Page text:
Although the current welfare system is an improvement over the previous one, it’s not perfect. For one thing, single parents get more assistance than married couples, a disincentive known as the marriage penalty. Another big problem: something known as the benefit cliff. That’s when families see their benefits drop suddenly when parents start making too much money.
Republicans have long wanted to fix the marriage penalty. And Democrats are anxious to chip away at the benefit cliff.
Earlier this month, Senator Mitt Romney proposed a bill designed to fix both problems. Like President Biden’s plan, it would divide the child-related benefits into monthly checks.
RACHIDI: This idea of a child allowance, expanding it to a larger group of people, and making it larger, has been around for for quite a while and has gained traction in more conservative circles.
Angela Rachidi is a poverty expert with the American Enterprise Institute.
She says some conservatives like the child allowance idea because it could encourage families to have more children and reverse declining fertility rates. And on principle, that’s not a bad idea.
RACHIDI: The child tax credit that we have in place was originally developed as tax relief. And so to the extent that people are thinking a child allowance is like a child tax credit, that, to me is a perfectly appropriate policy. And it’s actually a conservative policy, because it’s just reducing taxes for working families. But that’s only the case when a family has federal income tax liability, which we know a lot of families don’t.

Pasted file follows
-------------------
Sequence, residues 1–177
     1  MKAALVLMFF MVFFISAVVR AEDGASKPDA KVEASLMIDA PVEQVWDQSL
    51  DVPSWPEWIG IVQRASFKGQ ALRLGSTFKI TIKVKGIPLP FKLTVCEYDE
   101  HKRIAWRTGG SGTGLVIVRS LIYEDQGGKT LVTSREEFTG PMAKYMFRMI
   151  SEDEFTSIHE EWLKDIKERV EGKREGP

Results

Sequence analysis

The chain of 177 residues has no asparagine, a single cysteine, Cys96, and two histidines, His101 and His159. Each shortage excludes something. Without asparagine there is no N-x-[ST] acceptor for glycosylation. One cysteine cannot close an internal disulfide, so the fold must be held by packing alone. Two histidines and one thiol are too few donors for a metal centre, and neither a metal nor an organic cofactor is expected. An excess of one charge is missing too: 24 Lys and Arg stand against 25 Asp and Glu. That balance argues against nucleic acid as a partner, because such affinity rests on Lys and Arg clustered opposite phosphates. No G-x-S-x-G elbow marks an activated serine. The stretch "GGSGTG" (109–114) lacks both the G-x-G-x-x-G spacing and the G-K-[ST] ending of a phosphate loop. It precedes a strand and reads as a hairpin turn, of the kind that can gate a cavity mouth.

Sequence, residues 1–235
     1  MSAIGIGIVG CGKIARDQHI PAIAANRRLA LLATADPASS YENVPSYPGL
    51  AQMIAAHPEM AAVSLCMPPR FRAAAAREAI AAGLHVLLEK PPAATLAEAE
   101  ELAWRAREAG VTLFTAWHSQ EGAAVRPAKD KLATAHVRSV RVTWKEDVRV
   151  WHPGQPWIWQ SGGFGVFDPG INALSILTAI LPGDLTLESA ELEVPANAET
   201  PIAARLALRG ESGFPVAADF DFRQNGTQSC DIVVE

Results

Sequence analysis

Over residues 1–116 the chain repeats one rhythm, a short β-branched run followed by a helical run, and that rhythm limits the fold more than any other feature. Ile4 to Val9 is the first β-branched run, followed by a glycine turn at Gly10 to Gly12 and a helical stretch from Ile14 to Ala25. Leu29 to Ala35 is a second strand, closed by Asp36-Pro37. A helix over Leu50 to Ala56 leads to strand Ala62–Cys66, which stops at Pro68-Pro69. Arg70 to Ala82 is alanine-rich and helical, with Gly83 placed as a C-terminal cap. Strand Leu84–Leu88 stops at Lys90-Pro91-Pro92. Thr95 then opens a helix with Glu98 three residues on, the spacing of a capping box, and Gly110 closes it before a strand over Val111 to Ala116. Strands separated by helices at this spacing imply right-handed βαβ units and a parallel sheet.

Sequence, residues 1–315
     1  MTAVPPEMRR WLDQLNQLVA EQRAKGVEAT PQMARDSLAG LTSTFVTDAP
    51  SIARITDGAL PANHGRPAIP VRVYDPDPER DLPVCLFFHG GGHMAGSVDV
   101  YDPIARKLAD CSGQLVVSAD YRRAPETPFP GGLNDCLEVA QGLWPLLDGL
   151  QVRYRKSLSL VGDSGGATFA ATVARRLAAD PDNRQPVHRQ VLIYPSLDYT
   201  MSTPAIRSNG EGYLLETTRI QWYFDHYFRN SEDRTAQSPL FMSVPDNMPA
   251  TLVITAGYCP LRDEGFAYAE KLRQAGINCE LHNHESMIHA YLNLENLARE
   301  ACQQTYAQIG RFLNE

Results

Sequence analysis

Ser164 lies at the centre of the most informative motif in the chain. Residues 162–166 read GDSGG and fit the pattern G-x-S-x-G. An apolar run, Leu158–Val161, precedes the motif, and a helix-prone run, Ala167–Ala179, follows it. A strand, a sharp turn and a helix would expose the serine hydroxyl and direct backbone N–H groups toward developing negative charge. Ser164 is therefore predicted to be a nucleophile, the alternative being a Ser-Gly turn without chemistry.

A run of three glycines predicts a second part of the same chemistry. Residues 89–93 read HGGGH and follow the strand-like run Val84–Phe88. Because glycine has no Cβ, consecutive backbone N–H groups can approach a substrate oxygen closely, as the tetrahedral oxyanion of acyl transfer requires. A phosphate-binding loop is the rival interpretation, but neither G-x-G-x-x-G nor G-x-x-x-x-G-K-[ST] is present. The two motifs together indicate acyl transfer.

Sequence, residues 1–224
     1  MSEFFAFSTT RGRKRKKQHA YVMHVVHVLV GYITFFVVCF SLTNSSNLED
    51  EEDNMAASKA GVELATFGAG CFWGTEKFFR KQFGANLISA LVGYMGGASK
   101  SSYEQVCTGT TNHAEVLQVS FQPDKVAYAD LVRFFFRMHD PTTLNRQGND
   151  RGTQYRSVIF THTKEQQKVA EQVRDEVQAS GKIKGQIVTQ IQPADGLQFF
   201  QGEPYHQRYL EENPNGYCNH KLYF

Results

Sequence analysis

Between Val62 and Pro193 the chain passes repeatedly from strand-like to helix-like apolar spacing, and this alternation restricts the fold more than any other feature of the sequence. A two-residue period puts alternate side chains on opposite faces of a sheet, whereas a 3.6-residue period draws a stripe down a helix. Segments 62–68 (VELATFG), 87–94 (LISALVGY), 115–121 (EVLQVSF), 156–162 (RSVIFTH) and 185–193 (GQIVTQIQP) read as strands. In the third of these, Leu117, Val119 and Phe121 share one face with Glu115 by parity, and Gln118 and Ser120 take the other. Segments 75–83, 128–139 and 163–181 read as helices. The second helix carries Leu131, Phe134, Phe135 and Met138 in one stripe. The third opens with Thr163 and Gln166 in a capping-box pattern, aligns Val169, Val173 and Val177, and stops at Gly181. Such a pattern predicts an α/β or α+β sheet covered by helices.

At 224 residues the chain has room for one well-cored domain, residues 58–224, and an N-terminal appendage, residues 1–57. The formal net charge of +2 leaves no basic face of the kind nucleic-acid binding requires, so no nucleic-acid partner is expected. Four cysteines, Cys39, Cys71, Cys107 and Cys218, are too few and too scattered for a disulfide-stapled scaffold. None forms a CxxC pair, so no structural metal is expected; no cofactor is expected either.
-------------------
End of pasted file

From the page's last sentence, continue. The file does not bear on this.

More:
Like Biden’s plan, Romney’s Family Security Act would provide benefits regardless of whether parents are working. That makes it a non-starter for most conservatives, including Republican Senators like Marco Rubio and Mike Lee, who had previously argued for expanding child tax credits.
But some say Romney’s plan could strengthen low-income families by allowing one parent to stay home, rather than sending kids to daycare. Lyman Stone is with the Institute for Family Studies.
STONE: I think it makes a lot of sense to still have some subsidy for work because we want to encourage people to be contributing taxpayers and things like that. But not everyone has to be a contributing taxpayer. Some people are going to be contributing citizen raisers. And I think that’s valuable and worth rewarding.
Stone doesn’t believe Romney’s plan has enough support to pass right now. But Democrats could squeeze Biden’s plan through Republican opposition by using the budget reconciliation process. The expanded benefits would be temporary, but Robert Rector warns they’re not likely to stay that way.
RECTOR: And the history of this is once you start spending on these programs, Republicans are pretty reluctant to roll them back, which, which is why, contrary to fake news that you hear, roughly $1 in $20, in the U.S. economy is going to aid to the poor.
Reporting for WORLD, I’m Leigh Jones.